Be On The Alert With Your Children
The Lurking Problems Of Emotional & Mental Disorders
Every April is designated as the Month of the Young Child, a time to advocate for children and put their needs first. The United States Surgeon General reports that childhood mental illness occurs in 20% of American children. According to the Association of Children’s Mental Health (ACMH) in Michigan, one of every five children suffers from some form of an emotional disorder, and one of every 10 has a serious emotional disorder.
Just as there are many physical illnesses, there are many different kinds of mental illness. The most common mental illnesses diagnosed in children and youth include adjustment disorders, anxiety disorders, depression, eating disorders, schizophrenia, attention deficit disorder (ADD), attention deficit hyperactivity disorder (ADHD), and bipolar disorder.
Diagnosing a child with a mental illness is more difficult than in adults, as children experience many physical, mental, and emotional changes as they progress through the stages of growth and development. All children develop at different paces, trying to cope and relate with the world around them, so it is important to consider that some behaviors often seen as symptoms of mental disorders could be a part of their normal development.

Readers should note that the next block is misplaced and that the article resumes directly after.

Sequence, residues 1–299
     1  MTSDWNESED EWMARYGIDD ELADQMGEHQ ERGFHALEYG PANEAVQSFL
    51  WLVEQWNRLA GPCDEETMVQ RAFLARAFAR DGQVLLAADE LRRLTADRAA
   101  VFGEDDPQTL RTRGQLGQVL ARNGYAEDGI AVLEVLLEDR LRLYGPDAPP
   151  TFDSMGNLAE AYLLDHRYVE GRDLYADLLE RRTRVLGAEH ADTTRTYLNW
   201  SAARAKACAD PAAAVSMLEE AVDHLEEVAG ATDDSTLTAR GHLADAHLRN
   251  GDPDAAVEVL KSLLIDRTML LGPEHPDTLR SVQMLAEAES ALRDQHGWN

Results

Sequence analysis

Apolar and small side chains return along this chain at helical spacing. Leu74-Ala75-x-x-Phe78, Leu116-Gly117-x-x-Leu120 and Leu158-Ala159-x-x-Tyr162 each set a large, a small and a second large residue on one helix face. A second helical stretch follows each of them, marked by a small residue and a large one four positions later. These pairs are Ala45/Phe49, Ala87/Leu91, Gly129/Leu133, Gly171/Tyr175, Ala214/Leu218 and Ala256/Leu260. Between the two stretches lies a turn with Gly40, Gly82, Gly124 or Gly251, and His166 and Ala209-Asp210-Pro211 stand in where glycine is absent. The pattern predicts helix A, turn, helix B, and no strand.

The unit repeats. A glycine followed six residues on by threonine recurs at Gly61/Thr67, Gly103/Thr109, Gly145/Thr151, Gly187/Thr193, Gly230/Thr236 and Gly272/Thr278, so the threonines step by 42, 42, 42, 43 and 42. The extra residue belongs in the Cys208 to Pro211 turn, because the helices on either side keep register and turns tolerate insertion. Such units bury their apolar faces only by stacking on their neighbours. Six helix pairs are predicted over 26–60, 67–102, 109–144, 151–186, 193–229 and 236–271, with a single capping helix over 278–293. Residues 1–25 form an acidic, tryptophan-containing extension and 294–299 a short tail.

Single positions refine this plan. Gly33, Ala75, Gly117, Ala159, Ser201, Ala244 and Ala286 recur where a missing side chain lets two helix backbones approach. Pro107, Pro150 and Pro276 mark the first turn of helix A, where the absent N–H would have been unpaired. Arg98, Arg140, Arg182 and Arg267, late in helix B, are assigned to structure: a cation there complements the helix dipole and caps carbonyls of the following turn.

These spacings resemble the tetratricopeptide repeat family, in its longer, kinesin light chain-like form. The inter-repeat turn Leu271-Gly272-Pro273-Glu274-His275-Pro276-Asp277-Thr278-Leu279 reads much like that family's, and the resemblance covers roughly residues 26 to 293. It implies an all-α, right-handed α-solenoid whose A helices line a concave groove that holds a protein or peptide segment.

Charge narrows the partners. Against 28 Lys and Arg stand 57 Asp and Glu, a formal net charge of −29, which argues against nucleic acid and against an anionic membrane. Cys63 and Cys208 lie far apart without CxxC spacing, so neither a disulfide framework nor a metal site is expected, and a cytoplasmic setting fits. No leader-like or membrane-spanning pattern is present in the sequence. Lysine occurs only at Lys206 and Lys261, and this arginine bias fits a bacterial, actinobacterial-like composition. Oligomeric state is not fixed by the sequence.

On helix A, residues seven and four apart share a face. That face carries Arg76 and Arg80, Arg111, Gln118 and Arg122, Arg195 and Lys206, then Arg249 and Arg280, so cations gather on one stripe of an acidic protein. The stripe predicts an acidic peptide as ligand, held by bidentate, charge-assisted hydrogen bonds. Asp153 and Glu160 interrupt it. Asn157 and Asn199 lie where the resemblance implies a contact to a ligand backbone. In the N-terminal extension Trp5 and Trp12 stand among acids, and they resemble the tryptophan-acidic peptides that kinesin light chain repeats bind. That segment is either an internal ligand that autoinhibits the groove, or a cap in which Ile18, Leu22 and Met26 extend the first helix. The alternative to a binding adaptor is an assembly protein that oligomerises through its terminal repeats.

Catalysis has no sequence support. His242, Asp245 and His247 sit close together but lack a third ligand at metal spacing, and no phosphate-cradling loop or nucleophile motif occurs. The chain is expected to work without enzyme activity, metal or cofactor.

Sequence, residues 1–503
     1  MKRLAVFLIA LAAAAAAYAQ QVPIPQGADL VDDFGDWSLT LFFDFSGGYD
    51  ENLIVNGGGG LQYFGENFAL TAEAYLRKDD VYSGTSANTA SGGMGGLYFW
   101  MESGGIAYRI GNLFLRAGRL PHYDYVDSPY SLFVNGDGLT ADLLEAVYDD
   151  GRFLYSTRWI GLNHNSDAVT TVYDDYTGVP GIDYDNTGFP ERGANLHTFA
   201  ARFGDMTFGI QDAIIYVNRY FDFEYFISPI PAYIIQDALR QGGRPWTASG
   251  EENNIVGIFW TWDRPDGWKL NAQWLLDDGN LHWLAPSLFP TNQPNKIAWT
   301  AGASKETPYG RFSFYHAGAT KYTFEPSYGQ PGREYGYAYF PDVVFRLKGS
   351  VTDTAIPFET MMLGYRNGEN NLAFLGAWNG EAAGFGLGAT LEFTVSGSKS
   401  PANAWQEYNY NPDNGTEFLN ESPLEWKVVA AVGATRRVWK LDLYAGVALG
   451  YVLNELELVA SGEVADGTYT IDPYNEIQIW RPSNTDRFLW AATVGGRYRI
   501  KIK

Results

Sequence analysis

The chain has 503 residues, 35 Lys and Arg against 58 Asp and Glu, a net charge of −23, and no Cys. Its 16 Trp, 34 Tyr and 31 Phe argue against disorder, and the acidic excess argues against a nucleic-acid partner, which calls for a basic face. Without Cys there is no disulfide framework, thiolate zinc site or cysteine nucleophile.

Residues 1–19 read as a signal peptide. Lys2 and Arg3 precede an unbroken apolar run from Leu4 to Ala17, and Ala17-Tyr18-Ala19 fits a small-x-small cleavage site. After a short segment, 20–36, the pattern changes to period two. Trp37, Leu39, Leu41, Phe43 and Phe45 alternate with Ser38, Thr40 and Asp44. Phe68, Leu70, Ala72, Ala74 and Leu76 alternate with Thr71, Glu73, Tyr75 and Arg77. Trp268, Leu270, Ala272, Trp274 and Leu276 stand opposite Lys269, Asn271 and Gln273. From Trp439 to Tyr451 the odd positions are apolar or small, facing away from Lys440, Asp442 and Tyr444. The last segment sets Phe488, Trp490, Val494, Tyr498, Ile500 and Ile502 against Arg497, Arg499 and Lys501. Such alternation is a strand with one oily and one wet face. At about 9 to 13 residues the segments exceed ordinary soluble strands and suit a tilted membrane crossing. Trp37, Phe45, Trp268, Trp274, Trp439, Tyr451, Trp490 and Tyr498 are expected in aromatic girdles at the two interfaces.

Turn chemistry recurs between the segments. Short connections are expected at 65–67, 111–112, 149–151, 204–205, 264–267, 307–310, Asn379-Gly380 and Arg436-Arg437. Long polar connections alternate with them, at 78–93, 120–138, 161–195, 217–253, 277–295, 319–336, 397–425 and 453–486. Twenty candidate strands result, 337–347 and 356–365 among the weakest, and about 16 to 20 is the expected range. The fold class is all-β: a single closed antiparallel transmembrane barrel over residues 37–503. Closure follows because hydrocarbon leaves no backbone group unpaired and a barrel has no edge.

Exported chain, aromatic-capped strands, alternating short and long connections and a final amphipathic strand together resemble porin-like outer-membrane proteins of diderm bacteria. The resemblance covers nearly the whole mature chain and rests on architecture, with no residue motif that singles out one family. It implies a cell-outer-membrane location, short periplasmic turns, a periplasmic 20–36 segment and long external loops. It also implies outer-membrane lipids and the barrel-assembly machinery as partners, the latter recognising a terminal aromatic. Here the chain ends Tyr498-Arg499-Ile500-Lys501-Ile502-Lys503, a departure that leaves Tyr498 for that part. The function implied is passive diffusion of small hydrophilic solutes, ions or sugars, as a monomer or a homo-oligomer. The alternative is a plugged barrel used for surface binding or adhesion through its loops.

Those behaviors should only be treated as symptoms when they occur often, last for a long period of time, occur at an unusual age, or cause significant disruption to a child/family’s everyday life.
EARLY INDICATORS OF MENTAL ILLNESS CAN INCLUDE:
- Inability to cope with daily problems and activities
- Changes in sleeping / eating habits
- Persistent disobedience or aggressive behavior
- Significant increase in time spent alone
- Long-lasting negative moods
- Frequent outburst of anger/temper tantrums
- Changes in school performance
- Excessive worrying or anxiety
Mental illnesses in children can be caused by heredity, biology, environmental stress, or a psychological trauma. Studies show that these illnesses are treatable, but the ACMH reports that less than 25% of children receive mental health services.
Treatment options for children range from medication to psychotherapy to creative therapies. Creative therapies such as art or play therapy often are helpful for young children, especially those who have trouble communicating their thoughts or feelings.
Regardless of a child’s physical or mental illness, it is important to seek help and find kids the treatment they deserve. A great place to begin is with your pediatrician or primary care physician.